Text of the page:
Well, should progressives back the candidate who would be the first woman president or the first black president? Being greedy, I am going for both. Yes, former Congresswomen Cynthia McKinney has taken my advice and is seeking a presidential nomination.
I am doing all I can to support her efforts to win the primaries and woo the conference delegates. "Go, Cynthia, go," I told her when we spoke at the Brockwell Green Fair in south London back in September - and now she is going for the big ticket.
I have known a few would-be presidents: my good friend Professor Joel Kovel, a genial ecosocialist went for the Green party nomination against Nader in 2000, which inspired me to go for Green party principal speaker a couple of years later. I must admit, in 2000, I was also tempted by Jello Biafra, the ex-lead singer of punk band The Dead Kennedys (you can see political ambition in the very name), famous for his lyrical tune "Holiday in Cambodia".
Well, I don't agree with Cynthia on everything, but then I don't agree with anybody on everything (other than the Green party manifesto for a sustainable society). Nader might still give it go, but Cynthia could be the first third-party candidate to make a real impact. So I am going to be working hard to promote her, albeit from here in Berkshire, England.
Millions of American voters simply don't vote, especially African-Americans, so a strong African-American politician with name recognition and radical policies could do well. The US system is ridiculously biased against third parties, independents and those who are not billionaires, but Cynthia already has a huge web presence. She is a feisty politician who has been the target of the deep vein of racism that infects US politics; yet, resisting the attacks, she always comes back.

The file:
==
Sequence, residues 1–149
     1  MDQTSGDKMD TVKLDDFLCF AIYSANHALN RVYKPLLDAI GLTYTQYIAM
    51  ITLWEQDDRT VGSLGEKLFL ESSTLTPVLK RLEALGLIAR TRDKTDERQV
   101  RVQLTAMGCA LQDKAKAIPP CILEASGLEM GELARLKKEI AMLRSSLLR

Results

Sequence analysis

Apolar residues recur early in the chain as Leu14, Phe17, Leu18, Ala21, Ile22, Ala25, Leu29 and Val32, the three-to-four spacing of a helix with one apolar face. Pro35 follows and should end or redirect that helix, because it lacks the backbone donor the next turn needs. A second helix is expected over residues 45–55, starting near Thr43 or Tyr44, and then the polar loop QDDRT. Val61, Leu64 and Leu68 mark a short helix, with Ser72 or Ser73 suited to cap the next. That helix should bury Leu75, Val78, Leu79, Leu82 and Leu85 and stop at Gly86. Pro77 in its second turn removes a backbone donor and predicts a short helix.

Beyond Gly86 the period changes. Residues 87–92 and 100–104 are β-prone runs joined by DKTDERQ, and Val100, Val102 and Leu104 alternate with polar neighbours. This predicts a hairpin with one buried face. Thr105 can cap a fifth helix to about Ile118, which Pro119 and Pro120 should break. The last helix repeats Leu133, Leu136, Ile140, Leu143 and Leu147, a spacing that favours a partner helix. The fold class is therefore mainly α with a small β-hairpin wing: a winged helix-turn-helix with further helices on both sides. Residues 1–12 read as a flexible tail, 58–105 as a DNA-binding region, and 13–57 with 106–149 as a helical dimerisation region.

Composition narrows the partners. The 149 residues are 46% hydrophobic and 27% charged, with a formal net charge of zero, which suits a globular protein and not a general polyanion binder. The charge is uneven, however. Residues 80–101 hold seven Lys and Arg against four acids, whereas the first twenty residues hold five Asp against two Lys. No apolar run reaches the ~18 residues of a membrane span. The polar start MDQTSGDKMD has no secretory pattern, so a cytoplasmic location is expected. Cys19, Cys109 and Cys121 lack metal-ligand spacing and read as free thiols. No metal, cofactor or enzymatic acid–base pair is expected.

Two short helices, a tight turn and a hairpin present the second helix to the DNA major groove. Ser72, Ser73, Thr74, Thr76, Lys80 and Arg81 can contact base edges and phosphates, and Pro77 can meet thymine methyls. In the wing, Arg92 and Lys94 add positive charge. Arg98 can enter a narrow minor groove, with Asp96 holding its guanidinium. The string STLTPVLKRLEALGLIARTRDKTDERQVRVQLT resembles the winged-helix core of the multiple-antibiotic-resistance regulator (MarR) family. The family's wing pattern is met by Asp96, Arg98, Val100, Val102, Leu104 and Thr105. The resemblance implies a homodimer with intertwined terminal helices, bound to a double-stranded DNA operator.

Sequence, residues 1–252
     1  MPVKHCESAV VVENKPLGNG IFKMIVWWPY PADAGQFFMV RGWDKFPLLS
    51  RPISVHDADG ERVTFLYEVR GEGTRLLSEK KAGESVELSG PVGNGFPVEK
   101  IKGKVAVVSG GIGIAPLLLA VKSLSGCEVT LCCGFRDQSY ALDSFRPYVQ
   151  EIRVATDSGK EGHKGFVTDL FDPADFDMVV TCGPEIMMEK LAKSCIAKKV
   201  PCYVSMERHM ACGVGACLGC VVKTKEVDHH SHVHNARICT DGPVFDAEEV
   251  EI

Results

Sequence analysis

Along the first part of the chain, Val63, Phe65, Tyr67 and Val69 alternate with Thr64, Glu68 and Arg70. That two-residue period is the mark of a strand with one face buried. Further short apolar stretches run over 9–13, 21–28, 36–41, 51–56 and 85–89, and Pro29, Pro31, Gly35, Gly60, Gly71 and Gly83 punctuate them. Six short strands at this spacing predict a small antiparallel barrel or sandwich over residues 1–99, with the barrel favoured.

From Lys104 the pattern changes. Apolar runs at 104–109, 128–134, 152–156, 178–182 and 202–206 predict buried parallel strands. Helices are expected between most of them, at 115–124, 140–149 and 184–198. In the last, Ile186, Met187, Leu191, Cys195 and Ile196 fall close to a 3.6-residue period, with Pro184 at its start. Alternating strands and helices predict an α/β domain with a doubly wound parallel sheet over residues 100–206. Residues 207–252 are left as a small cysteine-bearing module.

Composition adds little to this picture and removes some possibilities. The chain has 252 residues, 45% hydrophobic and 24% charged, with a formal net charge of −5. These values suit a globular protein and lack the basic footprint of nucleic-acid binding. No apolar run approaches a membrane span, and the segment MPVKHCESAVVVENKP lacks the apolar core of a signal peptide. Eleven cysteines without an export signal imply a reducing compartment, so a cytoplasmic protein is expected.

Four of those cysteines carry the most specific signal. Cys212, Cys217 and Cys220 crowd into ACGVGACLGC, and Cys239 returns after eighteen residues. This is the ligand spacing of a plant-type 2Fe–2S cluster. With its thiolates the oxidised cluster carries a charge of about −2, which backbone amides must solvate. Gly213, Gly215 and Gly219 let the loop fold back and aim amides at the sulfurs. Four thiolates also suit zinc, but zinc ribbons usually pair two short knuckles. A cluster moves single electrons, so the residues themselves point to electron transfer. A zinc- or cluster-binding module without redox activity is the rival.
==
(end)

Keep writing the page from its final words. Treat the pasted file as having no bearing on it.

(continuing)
She will be campaigning for withdrawal of all US troops from Iraq, for a proper health care system, for greater social equality and for all the headline environmental policies we need - from real action on climate change, to preserving the US' fast-disappearing wildlife. I like her personally: she doesn't seem like an American politician at all, with a manufactured personality, but more like a human being. And I like what she has to say:
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"Americans are gathering the courage to just say no. We are saying no to addictive consumer lifestyles. We are saying no to wars and corporate takeover and the IMF loans that gobble up people and their resources.
"And all over the world, people are saying, if you are committing these acts in my name, then don't. If you are committing these acts - waging war on the innocent, destroying the environment, buying bombs when babies need bottles ... then don't do it for me. Not in my name, not in the name of my child."
Her detractors will argue that she could prevent Democrats from winning - its the old "votes for Nader gave us Bush" argument. However, the Democrats remain, even compared to Bush, a far-from impressive lesser evil. Neither Clinton nor Obama look like ending the war in Iraq, supporting justice for Palestinians or taking radical action to deal with climate change. A strong green challenge could shift the US political system - that decaying plutocracy - in a fresh direction.
So, I am saying, "Go Cynthia, go"; you might just do it.
Dr Derek Wall is the Green Party Principal Speaker. He teaches economics at Goldsmiths College, University of London. His most recent book Babylon and Beyond (Pluto 2005) looks at alternatives to capitalism and corporate globalisation.
© 2008 The Guardian